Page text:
Yearly Archives: 2012

Silver Linings Playbook

Jennifer Lawrence and Bradley Cooper in Silver Linings Playbook

There suddenly seem to be a number of recent films that boast a revised view of white male masculinity, from Your Sister’s Sister to Jeff, Who Lives at Home, to Liberal Arts.  I’m not referring to the awkward, insistently not queer stylings of the modern bromance, a category that seems formed to skirt the issues of homosociality and non-normative heterosexuality that their characters evoke but from which they shy resolutely away.  I’ve noticed instead more serious though often whimsical films in which the straight white male lead suffers an emotional crisis that lets him back away from more conventional social understandings of how men are supposed to act.  In an earlier era, these kinds of crises might have feminized their characters but now, they seem to authenticate a more thoughtful, even sensitive version of their straight masculinity.

Silver Linings Playbook proves another entry in this gender revision drama.  With Bradley Cooper proving his acting range, and Jennifer Lawrence continuing to impress with her terrifically nuanced, strong and quirky performance, the film sets their characters on a winding, carefully picked path toward one another through the minefields of their own damaged lives.

Pat (Cooper), his mother (Weaver), and his friend, Danny (Chris Tucker) returning from the hospital

Cooper plays Pat Solitano, an emotionally complicated, officially bipolar middle-class white guy who’s sprung from a psychiatric facility by his mother (Jacki Weaver) as the film begins.  He might not yet have completely come to terms with the violence he inflicted on the man he caught having an affair with his wife.  But he’s remorseful about the crime and earnest enough about his own rehabilitation to eagerly leave his Baltimore hospital and return home to the modest Philadelphia neighborhood where he moves in with his parents to reboot his life.

Jacki Weaver and Robert DeNiro as Pat's worried parents

Weaver is wonderful as the stereotypical, golden-hearted mother who adores her youngest son.  She serves mostly to keep the peace between Pat and his equally, if differently, psychologically afflicted father, Pat, Sr. (Robert DeNiro, in a lovely, understated performance as the OCD patriarch).  Weaver plays the mostly reactive wife/mother, who beams back and forth between her men proudly, just hoping that they’ll continue to get along.

Bradley and DeNiro as Pat Jr. and Sr., cut from the same cloth

When Pat barges into his parents’ bedroom in the middle of most nights with some cockamamie idea he needs to unload, Weaver’s sleep-blurred love and acceptance of her son’s odd quirks is moving and somehow true.  Weaver grounds Silver Linings as the missus determined to make the most of the new normal Pat’s diagnosis brings to their lives.

Chris Tucker co-stars as Danny, one of Pat’s fellow patients, who keeps giving his minders the slip.  He reappears often and unexpectedly in Pat’s post-hospitalization life to insist that he, too, is cured, even though his own idiosyncrasies indicate that psychiatric health is relative indeed.  Tucker’s unremarked race—though he plays Danny with an “urban” dialect and brio that underscore his difference from Pat and his Italian family—offers a strange backdrop against which to play out Pat’s chance to remake his life.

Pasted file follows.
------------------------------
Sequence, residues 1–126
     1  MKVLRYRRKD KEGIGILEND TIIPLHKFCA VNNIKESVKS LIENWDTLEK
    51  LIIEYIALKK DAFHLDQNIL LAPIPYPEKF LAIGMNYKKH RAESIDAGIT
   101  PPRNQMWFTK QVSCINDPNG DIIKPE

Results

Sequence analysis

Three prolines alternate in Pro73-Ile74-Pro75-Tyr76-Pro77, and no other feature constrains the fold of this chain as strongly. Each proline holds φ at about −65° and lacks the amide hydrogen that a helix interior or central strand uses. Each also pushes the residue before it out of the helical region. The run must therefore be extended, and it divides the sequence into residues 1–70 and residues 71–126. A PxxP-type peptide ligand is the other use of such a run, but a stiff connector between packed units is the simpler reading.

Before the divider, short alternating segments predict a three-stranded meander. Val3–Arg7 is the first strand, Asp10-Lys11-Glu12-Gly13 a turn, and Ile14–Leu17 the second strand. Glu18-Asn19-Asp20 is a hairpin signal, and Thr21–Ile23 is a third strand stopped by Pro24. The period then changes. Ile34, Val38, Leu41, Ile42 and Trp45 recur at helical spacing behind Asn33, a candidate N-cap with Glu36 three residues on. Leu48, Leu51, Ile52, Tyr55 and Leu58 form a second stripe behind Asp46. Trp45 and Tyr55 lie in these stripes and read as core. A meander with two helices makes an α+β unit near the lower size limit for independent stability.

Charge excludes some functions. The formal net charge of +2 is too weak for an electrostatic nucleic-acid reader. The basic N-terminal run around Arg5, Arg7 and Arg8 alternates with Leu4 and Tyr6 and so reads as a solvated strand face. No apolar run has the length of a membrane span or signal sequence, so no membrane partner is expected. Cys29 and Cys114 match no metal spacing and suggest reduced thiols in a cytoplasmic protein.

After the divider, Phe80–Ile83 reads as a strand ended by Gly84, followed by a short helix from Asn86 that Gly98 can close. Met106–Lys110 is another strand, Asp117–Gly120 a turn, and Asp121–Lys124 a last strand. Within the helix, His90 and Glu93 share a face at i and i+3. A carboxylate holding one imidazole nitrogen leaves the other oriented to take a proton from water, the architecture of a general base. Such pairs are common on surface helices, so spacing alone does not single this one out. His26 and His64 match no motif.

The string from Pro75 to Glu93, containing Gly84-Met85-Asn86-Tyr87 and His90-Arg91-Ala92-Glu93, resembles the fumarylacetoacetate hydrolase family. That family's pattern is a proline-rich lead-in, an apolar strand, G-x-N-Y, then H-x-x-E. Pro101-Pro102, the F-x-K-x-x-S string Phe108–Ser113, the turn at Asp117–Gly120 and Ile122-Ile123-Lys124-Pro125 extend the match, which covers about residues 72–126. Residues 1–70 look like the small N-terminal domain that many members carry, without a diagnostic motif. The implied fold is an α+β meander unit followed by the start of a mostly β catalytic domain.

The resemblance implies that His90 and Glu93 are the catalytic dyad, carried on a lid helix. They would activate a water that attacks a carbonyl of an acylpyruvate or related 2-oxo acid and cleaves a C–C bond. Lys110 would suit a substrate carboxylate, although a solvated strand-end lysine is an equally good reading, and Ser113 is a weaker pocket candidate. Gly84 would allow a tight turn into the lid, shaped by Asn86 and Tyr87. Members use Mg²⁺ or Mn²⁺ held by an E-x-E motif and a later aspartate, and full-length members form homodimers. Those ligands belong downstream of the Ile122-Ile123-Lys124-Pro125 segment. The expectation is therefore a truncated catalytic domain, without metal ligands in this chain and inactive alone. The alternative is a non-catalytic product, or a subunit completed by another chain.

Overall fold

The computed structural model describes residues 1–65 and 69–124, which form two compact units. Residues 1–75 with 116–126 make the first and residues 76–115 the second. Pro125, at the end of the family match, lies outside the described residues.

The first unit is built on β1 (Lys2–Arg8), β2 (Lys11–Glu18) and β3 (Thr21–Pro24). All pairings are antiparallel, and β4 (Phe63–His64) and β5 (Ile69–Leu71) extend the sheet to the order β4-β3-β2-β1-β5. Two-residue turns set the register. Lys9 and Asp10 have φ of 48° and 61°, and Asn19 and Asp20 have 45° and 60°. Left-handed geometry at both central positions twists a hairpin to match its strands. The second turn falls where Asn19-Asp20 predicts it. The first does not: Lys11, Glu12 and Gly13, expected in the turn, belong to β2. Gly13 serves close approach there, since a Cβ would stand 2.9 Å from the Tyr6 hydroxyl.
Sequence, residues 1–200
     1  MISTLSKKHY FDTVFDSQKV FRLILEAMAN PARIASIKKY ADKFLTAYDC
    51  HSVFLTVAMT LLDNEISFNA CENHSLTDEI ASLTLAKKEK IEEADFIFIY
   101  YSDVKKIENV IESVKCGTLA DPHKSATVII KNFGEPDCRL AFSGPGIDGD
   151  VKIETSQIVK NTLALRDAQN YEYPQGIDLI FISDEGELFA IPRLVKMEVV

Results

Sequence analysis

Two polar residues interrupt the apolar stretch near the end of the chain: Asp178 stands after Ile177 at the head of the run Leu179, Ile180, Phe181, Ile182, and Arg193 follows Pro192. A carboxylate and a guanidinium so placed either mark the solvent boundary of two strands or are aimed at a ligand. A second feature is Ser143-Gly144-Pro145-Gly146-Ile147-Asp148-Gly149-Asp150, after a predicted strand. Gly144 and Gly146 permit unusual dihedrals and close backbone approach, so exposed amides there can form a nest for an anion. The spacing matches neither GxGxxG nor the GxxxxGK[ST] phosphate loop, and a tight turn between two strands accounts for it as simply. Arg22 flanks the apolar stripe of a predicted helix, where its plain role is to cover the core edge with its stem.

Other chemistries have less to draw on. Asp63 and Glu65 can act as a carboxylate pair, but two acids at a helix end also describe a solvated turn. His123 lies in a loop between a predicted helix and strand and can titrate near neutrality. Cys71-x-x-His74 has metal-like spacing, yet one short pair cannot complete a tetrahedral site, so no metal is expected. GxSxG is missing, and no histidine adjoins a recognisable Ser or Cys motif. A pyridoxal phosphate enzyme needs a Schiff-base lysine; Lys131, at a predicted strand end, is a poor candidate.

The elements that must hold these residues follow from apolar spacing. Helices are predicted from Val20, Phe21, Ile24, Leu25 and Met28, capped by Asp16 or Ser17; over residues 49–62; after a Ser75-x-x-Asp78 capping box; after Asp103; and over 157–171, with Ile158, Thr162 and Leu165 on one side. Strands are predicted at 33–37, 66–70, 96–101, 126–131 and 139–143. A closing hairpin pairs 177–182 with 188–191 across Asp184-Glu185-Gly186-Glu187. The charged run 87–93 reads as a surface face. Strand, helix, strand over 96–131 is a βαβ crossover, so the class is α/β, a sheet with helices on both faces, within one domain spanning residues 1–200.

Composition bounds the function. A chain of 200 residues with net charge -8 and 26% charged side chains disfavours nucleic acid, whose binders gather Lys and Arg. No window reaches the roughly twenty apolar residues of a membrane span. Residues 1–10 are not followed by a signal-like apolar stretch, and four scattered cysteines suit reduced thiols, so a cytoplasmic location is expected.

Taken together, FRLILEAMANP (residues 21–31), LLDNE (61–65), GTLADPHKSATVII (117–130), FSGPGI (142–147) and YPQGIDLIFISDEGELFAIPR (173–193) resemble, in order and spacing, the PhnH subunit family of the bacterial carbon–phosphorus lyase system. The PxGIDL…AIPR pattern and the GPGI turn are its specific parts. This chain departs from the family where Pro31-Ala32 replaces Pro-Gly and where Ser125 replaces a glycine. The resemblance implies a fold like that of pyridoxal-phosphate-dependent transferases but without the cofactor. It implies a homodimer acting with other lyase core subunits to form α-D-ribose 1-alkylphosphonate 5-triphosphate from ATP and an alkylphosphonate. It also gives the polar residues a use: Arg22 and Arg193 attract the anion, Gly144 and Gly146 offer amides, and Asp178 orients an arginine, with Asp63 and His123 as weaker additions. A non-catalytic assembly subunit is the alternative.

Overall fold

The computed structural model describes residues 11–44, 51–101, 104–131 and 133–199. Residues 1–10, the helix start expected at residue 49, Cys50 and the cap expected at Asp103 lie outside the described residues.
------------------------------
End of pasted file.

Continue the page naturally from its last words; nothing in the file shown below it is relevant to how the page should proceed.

Chris Tucker as Danny, the zany friend who's also a patient at the hospital

Tucker often provides the film’s broader comedy in ways that come perilously close to stepping and fetching.  But the actor’s own bravado and his complex performance thankfully keep the role more real than director/screenwriter David O. Russell (who adapted the story from Matthew Quick’s novel) might have intended.

Likewise, Anumpar Kher plays Dr. Cliff Patel, the psychiatrist assigned to keep Pat on his meds and to help him ponder his mental health outside the safety of the hospital.  The compassionate, empathic doctor understands Pat’s illness and offers practical help.  But for this character of color, too, Russell devises a strange plot twist in which Patel and his friends bump into Pat and his family at an Eagles football tailgating party, where the South Asian men are harassed by a group of white Philly thugs.

Anumpar Kher as Dr. Patel giving Pat advice . . .
. . . then wearing green face paint after the debacle at the game

Pat and his father and brother battle the bullies, and Dr. Patel winds up tagging around with the family through the rest of the film, wearing the weird green face-paint that Eagles fans sport around game time.  That Pat accumulates this rather odd extended family through his disease seems part of Russell’s point. But the film’s racial overtones are oblique rather than illuminating.  Perhaps to represent a new white masculinity, Pat needs these men of color nearby to shore up his continued centrality.  I’m not sure . . .

Likewise, John Ortiz plays Pat’s best friend, Ronnie, in another racially inflected casting choice.  Ronnie and his wife, Veronica (an underused Julia Stiles), are Pat’s connection to his wife, Nikki (Brea Bee).  Pat mistakenly believes he can reconnect with Nikki, despite the physical and emotional damage his outburst over her infidelity caused.

In fact, that he nearly killed Nikki’s lover isn’t examined very closely here.  Cooper plays Pat with a manic energy, but without implying the threat that the beating he bestowed might imply.  We have to take on faith that Pat is truly recovered and that while he still seems emotionally wild, he’s got his physical brutality under control.  It’s a bit shifty that we’re asked to identify with and cheer on a cuckold whose violent outburst the film suggests is justified, if induced and intensified by his bipolar disease.